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Arbitrator Set to Give Ruling on '86 Free Agents

September 01, 1987|ROSS NEWHAN

Arbitrator Tom Roberts said Monday that he will announce his decision in baseball's first free-agent collusion case Sept. 21.

It was thought that Roberts might announce his decision Monday, but a meeting in New York with Donald Fehr, executive director of the Major League Players Assn., and Barry Rona, legal counsel to the owners' Player Relations Committee, was designed only to clear up procedural issues, Fehr and Rona said.

The union has charged the owners with conspiring to restrict the movement of free agents in violation of the collective bargaining agreement. Roberts is ruling on a grievance pertaining to Kirk Gibson, Donnie Moore and the 62 free agents from the winter of 1985-86.

A second grievance, dealing with the events and free agents of last winter, is still being heard by another arbitrator, George Nicolau.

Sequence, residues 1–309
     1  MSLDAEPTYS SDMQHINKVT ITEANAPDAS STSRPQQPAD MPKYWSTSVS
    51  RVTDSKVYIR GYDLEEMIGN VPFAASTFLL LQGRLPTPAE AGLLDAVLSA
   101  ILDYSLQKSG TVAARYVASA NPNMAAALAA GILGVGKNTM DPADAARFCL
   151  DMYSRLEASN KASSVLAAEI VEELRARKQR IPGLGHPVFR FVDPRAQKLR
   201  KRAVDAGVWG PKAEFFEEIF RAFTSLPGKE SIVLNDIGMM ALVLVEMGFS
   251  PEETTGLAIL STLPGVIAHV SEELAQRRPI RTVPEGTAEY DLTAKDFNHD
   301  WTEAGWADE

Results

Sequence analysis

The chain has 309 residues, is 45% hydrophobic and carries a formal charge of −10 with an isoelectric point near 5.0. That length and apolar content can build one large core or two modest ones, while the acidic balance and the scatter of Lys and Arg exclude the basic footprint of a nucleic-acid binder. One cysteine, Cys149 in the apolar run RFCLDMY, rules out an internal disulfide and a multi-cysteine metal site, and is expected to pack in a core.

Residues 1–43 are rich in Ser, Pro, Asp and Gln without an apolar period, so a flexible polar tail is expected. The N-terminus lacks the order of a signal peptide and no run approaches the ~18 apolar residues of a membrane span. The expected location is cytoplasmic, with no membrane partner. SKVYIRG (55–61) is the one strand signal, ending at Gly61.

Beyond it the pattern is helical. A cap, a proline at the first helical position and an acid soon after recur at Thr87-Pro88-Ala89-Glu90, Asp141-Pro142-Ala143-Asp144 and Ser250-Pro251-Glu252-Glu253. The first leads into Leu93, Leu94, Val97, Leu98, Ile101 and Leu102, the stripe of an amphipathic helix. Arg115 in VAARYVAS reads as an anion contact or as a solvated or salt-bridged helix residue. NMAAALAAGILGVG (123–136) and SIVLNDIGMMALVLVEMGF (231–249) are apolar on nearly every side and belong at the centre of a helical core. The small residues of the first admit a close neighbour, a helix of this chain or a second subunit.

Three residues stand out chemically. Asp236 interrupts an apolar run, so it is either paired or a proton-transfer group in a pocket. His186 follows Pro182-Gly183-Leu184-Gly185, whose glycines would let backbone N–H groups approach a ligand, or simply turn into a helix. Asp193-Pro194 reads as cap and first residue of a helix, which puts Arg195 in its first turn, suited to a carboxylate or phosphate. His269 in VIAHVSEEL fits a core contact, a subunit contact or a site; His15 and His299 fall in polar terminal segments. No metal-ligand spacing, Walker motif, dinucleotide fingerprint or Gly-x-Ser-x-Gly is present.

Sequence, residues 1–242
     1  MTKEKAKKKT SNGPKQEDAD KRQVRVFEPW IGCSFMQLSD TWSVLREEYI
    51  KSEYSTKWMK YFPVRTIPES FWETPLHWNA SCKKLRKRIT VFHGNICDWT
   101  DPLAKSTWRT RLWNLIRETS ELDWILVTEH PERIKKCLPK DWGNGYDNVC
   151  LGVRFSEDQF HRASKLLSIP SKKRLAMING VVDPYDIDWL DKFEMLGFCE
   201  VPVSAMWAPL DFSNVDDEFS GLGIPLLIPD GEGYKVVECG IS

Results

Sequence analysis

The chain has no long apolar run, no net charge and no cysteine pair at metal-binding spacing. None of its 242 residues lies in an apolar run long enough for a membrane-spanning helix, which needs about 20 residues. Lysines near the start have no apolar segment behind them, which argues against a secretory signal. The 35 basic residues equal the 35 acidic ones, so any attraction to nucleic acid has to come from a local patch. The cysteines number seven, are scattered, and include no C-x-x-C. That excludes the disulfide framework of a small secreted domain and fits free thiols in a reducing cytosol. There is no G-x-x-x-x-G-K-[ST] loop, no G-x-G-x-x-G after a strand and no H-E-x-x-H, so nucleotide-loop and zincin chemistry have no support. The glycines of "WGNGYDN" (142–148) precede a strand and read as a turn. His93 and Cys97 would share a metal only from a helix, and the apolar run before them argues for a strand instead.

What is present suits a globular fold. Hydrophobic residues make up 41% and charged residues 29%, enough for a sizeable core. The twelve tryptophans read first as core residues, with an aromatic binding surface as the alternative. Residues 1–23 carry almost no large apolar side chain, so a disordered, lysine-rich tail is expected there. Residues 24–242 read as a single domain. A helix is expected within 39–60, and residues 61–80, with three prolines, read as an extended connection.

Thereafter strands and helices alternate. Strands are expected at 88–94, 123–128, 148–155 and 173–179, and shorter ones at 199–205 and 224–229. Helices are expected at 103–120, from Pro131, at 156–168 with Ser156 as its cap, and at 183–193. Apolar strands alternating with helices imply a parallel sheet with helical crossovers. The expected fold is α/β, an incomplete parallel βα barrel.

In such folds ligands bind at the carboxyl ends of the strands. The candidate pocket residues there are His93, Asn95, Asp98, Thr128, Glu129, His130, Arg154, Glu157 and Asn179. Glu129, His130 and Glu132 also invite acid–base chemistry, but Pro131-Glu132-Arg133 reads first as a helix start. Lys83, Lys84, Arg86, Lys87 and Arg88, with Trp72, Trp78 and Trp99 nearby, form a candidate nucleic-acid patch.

Both Fehr and Rona said that Roberts provided no clues as to his thinking. Rona added that he does not consider it a landmark case as much as an interpretation of contract language and the extent to which both the union and PRC can disseminate information.

"Win or lose, the clubs' individual commitment to financial restraint won't change," he said.

In Rona's view, Roberts is deciding only whether the PRC violated the collective bargaining agreement that prevents the clubs from acting in concert to restrict players' rights by distributing financial information to the clubs to document the widespread waste that accompanied their previous free spending.

Rona acknowledged that the information had "some impact" on the clubs' restraint of the last two years but that "common sense" was the dominant factor.

"We believe that what we're doing in disseminating information is consistent with past practices on both sides and consistent with the collective bargaining agreement," Rona said. "The club side has just done a more effective job of it recently."

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